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U.S. Open: Serena beats Russia’s Margarita Gasparyan to advance to next stage


Serena Williams battled her way through to a 6-2 6-4 victory over Russia’s Margarita Gasparyan in the second round of the U.S. Open on Thursday.

The victory meant she continued her bid for a record-equaling 24th Grand Slam title.

A dominant Williams sailed through the first set at Arthur Ashe Stadium in New York.

She closed out the first game with one of seven aces in the match, before breaking her unseeded opponent’s serve on the second game to take an early 2-0 lead.

The 38-year-old American showed little sign of weakness, aside from a single double-fault and a trio of unforced errors, as she finished off the set in just 35 minutes.

Momentum shifted during the second set, however, as the 26-year-old Gasparyan went on the offensive and the six-times champion committed four double-faults.

The unseeded Russian drew Williams to the net and sent a forehand winner whizzing by her, before forcing her into an error on the next point to break her serve and narrow the lead 3-2.

Williams retaliated, breaking her serve, but Gasparyan refused to back down, eventually leveling the score 4-4.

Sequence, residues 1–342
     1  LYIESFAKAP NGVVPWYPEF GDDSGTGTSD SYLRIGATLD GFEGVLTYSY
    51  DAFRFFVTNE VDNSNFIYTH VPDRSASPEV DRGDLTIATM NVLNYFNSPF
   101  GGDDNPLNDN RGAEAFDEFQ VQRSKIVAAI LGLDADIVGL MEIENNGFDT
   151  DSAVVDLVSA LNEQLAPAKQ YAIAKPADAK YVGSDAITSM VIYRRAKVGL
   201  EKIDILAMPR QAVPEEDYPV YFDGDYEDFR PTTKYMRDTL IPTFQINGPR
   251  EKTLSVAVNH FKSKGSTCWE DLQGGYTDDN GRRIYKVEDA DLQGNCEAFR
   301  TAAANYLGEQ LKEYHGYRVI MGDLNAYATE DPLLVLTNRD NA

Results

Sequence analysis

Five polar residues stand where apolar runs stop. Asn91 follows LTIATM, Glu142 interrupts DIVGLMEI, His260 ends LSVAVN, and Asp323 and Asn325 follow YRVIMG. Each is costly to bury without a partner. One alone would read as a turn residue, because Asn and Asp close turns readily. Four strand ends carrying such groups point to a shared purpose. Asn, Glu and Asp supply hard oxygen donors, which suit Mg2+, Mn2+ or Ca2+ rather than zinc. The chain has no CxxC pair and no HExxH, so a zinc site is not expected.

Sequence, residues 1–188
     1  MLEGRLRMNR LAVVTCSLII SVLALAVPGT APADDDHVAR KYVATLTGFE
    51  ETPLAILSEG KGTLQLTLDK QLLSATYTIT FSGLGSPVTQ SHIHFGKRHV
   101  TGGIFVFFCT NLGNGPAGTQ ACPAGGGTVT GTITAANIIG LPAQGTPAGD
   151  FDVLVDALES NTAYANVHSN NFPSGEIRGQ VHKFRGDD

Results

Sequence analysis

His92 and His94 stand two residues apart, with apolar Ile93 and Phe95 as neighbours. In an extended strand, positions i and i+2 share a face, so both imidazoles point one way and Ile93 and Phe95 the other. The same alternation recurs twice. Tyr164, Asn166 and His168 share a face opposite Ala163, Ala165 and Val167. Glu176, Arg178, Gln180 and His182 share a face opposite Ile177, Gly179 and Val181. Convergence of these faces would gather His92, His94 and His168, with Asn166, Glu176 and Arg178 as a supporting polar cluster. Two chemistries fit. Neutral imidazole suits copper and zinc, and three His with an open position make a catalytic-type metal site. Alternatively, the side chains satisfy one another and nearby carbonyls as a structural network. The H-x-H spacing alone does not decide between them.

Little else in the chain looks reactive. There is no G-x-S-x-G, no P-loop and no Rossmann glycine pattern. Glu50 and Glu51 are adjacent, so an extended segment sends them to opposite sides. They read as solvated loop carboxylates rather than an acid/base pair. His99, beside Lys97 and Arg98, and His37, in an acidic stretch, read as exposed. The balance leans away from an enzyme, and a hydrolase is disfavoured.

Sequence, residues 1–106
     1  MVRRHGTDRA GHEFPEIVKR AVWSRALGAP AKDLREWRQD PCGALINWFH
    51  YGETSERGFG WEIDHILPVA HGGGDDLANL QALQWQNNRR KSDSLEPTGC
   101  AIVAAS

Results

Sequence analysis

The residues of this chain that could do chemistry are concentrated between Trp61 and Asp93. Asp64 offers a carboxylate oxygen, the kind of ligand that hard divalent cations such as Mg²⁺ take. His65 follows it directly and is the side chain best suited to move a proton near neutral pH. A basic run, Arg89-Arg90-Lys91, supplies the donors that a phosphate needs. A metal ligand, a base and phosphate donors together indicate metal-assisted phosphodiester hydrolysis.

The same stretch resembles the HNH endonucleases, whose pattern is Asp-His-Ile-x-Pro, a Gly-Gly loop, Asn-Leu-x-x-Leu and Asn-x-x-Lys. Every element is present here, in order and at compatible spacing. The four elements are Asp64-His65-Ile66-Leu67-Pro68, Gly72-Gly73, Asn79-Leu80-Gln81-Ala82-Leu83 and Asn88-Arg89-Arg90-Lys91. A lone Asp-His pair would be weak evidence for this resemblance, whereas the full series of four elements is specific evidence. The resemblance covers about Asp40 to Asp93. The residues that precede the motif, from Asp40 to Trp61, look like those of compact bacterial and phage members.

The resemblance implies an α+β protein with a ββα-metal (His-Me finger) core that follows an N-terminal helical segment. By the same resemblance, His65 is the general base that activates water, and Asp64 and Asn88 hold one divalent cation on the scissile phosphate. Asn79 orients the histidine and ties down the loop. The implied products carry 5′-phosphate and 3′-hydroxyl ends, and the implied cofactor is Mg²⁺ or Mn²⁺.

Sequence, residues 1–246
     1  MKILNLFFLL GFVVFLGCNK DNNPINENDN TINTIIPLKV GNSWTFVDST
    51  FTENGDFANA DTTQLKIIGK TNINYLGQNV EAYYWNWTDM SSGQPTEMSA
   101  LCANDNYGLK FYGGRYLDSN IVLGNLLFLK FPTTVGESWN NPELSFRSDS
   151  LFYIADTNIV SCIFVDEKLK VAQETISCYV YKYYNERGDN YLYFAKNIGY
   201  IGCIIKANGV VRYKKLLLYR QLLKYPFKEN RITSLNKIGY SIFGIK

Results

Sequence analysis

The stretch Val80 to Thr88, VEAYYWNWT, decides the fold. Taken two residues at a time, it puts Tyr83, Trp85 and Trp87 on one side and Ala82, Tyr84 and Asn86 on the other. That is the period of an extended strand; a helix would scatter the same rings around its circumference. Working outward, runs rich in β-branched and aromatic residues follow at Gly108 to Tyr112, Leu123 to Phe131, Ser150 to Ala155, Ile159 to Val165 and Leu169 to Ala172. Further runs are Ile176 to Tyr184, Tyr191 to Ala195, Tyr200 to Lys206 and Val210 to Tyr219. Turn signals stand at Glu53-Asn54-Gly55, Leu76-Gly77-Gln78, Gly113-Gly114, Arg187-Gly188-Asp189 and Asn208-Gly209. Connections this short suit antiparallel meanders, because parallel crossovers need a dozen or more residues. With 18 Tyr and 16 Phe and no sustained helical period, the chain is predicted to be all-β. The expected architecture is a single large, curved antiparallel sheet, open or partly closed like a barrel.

Williams, a crowd favourite who this year must play without her legions of fans cheering her on, clawed her way back.

She managed to close out a lengthy 16-point game to hold her serve and retake the lead 5-4, psyching herself up shouting “Come on!” inside the empty stadium.

“It wasn’t that frustrating,” Williams said after the match.

“The second set setback will help me know what not to do next time.”

The retractable roof of the stadium was put in place after the competitors warmed up due to rain in Flushing Meadows.

The two played in almost pin-drop silence, with spectators barred from the sprawling Queens campus amid the ongoing coronavirus outbreak.

During a change-over towards the end of the contest, Williams told the chair umpire she felt like she was “sprinting” to manage her on-court towel.

It was really one of the many new health requirements of the COVID-19 era.

“I don’t have enough time,” she said. “I don’t want to get a warning but this is not normal.”

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